In your presence there is fullness of joy; in your right hand, delight forever.

Or consider the logical connection between verses 2 and 3 of Psalm 95:

Let us acclaim him with psalms 3 For the Lord is a great God, and a great King above all gods.

Let us joyfully acclaim God. Why? Because the Lord is a great God – that is, a supreme God. The supremacy of God is the basis of our rejoicing. So God’s gentile supremacy over us satisfies our hearts and our satisfaction in God glorifies his supremacy. He gets the glory. We receive the joy.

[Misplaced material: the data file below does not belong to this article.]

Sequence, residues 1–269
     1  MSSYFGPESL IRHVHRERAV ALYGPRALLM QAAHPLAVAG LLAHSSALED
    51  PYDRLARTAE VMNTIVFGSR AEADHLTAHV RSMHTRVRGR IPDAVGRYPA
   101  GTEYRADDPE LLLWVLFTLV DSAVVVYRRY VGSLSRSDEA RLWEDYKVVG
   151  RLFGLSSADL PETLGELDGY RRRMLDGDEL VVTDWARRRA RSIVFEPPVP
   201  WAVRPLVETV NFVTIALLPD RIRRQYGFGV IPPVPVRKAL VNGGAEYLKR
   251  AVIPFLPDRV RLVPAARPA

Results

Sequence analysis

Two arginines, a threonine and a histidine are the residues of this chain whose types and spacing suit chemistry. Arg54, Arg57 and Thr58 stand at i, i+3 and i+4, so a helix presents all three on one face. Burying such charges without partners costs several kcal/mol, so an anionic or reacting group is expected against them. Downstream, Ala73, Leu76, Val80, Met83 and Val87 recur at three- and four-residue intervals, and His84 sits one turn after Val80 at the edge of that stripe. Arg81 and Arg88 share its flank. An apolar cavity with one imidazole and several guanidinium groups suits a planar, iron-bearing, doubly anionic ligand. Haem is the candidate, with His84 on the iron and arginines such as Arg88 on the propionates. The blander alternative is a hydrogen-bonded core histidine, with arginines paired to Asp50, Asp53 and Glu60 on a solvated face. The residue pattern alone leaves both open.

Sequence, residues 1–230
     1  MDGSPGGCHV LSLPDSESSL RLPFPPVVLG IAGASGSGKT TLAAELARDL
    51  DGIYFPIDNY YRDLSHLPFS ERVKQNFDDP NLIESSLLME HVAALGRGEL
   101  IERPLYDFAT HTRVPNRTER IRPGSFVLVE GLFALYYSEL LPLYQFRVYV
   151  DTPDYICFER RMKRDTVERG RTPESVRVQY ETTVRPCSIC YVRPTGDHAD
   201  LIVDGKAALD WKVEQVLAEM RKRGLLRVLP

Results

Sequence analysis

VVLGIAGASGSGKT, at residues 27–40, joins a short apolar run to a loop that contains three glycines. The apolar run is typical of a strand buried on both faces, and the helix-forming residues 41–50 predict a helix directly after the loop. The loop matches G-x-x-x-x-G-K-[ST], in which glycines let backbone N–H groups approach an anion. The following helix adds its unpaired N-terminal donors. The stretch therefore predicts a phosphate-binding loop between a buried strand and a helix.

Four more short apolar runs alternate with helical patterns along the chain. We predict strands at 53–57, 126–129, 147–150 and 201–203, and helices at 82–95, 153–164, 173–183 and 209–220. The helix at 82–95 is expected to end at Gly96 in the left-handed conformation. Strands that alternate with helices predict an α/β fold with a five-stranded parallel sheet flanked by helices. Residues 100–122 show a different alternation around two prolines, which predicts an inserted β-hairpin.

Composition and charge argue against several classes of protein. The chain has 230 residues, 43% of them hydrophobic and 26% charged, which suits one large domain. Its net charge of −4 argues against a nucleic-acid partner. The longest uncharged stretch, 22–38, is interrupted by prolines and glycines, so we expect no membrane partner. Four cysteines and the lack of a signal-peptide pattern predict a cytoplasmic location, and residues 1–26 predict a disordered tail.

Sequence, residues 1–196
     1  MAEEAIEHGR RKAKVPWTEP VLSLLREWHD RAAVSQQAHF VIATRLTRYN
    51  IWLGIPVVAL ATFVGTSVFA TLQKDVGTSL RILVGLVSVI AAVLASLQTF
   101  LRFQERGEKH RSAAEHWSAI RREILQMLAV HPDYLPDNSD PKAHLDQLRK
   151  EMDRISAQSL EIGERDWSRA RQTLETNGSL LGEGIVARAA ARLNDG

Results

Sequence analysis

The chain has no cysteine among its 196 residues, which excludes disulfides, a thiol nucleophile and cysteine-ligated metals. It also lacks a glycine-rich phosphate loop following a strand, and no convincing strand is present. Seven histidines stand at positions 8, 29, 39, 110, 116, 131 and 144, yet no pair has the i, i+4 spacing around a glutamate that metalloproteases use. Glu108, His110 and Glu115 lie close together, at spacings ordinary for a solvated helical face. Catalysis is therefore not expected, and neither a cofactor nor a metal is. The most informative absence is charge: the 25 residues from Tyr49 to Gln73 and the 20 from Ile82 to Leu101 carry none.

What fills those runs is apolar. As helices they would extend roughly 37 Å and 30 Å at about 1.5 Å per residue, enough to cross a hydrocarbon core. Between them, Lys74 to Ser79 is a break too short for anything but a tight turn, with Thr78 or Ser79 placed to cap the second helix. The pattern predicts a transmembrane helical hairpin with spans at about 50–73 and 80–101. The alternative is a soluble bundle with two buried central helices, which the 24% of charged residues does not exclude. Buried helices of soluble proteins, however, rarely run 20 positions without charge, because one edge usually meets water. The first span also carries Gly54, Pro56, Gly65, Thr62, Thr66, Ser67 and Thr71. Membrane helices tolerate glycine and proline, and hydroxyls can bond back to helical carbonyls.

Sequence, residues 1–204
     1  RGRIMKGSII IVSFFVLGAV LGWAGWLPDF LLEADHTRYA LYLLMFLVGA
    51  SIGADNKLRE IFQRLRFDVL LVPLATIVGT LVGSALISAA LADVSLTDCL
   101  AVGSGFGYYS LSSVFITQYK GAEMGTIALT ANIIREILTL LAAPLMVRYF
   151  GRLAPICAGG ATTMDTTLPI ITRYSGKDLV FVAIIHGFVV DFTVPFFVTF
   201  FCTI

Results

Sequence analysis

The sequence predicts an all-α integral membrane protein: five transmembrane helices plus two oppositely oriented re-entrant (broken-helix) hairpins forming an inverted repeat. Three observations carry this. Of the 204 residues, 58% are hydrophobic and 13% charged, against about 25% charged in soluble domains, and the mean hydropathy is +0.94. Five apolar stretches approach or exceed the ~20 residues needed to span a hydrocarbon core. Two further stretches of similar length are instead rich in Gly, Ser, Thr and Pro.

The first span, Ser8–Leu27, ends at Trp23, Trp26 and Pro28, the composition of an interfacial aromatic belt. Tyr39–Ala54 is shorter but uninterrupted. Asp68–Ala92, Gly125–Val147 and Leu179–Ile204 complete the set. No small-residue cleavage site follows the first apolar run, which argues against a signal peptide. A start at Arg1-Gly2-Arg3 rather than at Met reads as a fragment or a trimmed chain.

5. “Of All Peoples”

“The passion for the supremacy of God for the joy of all peoples” Why do we pluralize – peoples? The point is not to reduce the importance of individuals. Christ died for individual persons. People are reborn and individually saved. The point here is to draw attention to the great unfinished task of evangelizing the world; and that means reaching all the people of the world and planting the church among them so that they can evangelize among their people.

Psalm 67:3-4 says:

May the peoples give you thanks, O God, all the peoples give you thanks. 4 Let the nations rejoice and sing with joy.

God is interested in all…